Straw, W. 1997. “Sizing Up Record Collections: Gender and Connoisseurship in Rock Music Culture.”

Straw, Will. 1997. “Sizing Up Record Collections: Gender and Connoisseurship in Rock Music Culture.” Pp. 3-16 in Sexing the Groove: Popular Music and Gender, edited by Sheila Whitely. New York: Routledge.

Despite connotation that domestic, affective, private purchase and consumption of goods is feminized – justification/compensation by men to defend record collecting as a predominantly masculine space/activity.

“Record collections are seen as both public displays of power/knowledge and private refuges from the sexual or social world; as either structures of control or the by-products of irrational and fetishistic obsession; as material evidence of the homosocial information-mongering which is one underpinning of male power and compensatory undertakings by those unable to wield that power” (4).

“Just as ongoing conversation between men shapes the composition and extension of each man’s collection, so each man finds, in the similarity of his points of reference to those of his peers, confirmation of a shared universe of critical judgement” – record collection used as a way to establish men’s worldviews, shared discourses, understandings of manhood, and expectations of masculinity – based on expertise, technical knowledge, control and command à prestige among peers, homosocial camaraderie, bonding, status, and security, which serve to exclude women (who are increasingly present within rock spaces/activities) in new and more subtle ways.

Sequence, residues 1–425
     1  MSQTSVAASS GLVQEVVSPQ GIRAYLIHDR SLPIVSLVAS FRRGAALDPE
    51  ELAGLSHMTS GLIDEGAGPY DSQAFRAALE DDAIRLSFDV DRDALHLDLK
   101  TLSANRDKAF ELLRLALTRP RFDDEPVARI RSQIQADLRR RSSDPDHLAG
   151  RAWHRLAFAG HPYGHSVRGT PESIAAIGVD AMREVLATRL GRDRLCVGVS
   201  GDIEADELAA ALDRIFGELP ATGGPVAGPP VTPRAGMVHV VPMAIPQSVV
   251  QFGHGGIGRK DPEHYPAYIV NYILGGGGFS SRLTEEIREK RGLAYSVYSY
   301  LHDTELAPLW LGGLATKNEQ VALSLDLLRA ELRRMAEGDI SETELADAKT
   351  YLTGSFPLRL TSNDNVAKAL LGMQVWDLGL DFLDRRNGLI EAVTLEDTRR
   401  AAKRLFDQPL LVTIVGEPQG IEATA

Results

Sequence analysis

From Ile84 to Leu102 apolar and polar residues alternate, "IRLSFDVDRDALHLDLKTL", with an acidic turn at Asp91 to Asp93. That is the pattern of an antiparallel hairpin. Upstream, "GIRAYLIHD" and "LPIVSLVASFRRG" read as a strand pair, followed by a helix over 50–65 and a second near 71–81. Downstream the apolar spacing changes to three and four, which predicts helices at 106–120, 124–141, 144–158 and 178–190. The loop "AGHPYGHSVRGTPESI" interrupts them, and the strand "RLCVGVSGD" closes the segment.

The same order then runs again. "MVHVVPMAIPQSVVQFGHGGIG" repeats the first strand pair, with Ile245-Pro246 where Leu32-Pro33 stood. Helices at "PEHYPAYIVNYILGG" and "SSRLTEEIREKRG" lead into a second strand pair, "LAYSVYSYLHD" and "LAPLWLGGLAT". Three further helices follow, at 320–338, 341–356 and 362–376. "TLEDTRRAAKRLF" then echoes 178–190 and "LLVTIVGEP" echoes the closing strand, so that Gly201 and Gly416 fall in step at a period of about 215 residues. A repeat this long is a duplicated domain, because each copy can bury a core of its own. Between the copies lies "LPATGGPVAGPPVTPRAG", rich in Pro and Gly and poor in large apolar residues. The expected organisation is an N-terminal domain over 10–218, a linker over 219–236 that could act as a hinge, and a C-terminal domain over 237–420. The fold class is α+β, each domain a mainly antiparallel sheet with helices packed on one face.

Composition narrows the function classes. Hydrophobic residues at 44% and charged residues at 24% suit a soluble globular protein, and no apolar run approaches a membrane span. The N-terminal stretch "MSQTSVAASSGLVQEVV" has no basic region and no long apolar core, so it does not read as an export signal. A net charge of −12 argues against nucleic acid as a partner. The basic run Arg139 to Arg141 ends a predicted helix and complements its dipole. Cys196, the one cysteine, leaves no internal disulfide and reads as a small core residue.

Very similar to the forms of Bourdieu’s capital that we embody/command, “Males police themselves, not only in terms of the looseness or control which mark bodily gesture, but in the ways they ‘wear’ and release the knowledges they have cultivated” (7) – as a form of capital, knowledge, skill, and (kx^?) comportment? – as is informed by external social contexts (and internal dispositions, kx) — even if record collecting may stigmatize some men (sublimated sexual repression, nerd-dom, or lack of mainstream social finesse) – reframed as heroism (exploratory music tastes, tall tales of acquisition), or as (paradoxical) resistance to mainstream values and practices (despite avid consumption).

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